LOS ANGELES -- Rupert Murdoch's 21st Century Fox swooped in Wednesday with a higher bid for Sky that values the London pay-TV company at $32.5 billion. The move was designed to keep the popular satellite television service out of the hands of Fox's rival, Comcast Corp.
The battle over Sky is just one front in a larger tug-of-war to determine which U.S. media company -- Comcast or the Walt Disney Co. -- wins the bulk of Fox's entertainment assets. But in the meantime, Fox and Comcast are trying to outmaneuver each other for Sky.
Fox already owns 39 percent of the service. Murdoch's company has been struggling to buy the remaining 61 percent since 2016 -- long before Murdoch envisioned selling his company. In December, Murdoch agreed to sell the bulk of his company to Disney -- including Fox's stake in Sky.
Comcast, however, is trying to spoil those plans.
In February, the Philadelphia cable giant attempted to poach Sky with a $31 billion offer that was substantially higher than Fox's original bid. Comcast formalized its offer in April.
But on Wednesday morning, Fox upped the ante with a $18.58-per-share offer for Sky. The new bid came just two days before a deadline set by the British government for Comcast to finalize its deal.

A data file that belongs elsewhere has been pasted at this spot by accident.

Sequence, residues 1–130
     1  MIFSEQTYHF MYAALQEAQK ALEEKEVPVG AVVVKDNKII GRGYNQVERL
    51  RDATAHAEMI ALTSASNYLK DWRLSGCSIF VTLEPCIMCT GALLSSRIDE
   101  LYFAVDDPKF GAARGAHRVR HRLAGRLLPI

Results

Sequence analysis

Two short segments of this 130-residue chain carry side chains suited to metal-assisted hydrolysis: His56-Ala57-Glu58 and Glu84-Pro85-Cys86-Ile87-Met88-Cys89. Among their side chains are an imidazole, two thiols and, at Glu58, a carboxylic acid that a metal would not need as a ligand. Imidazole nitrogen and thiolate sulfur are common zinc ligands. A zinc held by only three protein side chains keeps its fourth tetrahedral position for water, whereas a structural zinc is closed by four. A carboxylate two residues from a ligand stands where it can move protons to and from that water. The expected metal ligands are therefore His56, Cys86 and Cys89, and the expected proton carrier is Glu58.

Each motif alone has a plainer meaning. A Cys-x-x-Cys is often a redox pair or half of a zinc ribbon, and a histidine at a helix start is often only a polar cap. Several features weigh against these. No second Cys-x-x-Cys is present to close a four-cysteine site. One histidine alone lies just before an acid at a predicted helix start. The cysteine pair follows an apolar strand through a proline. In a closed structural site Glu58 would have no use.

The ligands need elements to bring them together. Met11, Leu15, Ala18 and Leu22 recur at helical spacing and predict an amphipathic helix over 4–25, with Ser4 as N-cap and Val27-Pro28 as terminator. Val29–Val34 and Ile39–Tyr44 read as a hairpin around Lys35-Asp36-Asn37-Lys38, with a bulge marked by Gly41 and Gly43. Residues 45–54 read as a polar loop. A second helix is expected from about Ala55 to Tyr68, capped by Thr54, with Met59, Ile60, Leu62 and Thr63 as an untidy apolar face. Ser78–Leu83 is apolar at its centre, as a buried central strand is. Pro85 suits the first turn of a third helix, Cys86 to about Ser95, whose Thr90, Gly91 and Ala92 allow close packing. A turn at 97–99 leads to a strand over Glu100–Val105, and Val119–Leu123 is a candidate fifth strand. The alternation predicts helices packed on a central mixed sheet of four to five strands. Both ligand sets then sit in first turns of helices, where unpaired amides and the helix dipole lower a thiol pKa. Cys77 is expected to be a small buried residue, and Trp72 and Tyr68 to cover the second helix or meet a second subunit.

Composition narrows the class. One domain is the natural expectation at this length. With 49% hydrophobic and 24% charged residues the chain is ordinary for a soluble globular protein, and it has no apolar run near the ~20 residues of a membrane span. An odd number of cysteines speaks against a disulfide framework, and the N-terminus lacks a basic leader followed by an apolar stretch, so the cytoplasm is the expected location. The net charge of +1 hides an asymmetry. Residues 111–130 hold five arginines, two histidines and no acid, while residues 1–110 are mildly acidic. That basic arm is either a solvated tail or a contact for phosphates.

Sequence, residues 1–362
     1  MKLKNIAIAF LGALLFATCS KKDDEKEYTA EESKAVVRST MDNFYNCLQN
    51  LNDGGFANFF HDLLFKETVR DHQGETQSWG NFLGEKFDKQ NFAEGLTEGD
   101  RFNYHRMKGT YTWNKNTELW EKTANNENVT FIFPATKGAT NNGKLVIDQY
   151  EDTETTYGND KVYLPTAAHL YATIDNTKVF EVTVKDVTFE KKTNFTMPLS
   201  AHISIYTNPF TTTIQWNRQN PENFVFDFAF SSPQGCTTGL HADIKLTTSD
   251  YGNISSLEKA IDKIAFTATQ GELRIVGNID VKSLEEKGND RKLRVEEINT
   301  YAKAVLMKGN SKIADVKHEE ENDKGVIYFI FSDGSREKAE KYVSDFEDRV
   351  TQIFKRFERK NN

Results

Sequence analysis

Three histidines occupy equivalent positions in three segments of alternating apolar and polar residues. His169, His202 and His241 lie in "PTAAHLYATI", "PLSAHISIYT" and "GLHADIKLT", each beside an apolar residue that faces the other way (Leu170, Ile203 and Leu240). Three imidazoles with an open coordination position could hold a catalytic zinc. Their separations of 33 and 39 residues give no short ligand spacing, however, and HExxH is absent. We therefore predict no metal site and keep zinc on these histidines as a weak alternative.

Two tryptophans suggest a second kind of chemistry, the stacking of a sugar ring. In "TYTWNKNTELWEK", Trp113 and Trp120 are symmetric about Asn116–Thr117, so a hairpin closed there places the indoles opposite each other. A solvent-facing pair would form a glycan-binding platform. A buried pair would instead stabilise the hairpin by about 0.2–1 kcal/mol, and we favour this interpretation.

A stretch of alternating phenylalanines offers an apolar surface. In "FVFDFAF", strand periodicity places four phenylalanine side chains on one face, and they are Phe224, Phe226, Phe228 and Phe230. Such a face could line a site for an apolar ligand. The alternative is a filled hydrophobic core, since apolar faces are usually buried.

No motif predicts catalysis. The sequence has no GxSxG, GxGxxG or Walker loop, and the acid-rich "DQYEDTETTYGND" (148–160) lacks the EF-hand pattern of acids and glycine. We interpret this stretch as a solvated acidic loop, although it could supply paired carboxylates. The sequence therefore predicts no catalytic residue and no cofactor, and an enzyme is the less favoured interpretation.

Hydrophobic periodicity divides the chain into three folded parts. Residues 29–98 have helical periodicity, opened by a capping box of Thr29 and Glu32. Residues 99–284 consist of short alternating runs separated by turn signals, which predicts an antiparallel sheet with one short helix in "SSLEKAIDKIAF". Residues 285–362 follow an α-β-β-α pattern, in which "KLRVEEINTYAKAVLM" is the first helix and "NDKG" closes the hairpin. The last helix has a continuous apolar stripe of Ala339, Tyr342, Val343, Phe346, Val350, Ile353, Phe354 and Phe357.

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Independendent shareholders accepted the new Fox bid, which tops Comcast's offer of $17.44 a share. Now, Comcast must scramble to respond before Friday -- or risk losing the prize.
"As the founding shareholder of Sky, we have remained deeply committed to bringing these two organizations together to create a world-class business positioned to deliver the very best entertainment experiences well into the future," Fox said in a statement.
A Comcast spokesperson was not immediately available for comment.
Sky has nearly 23 million customers in Britain, Ireland, Germany, Austria and Italy -- fertile ground for any U.S. media company with global ambitions. Sky also owns TV channels, including news and sports channels that hold key Premier League soccer rights. Its shares have surged since Comcast announced its interest.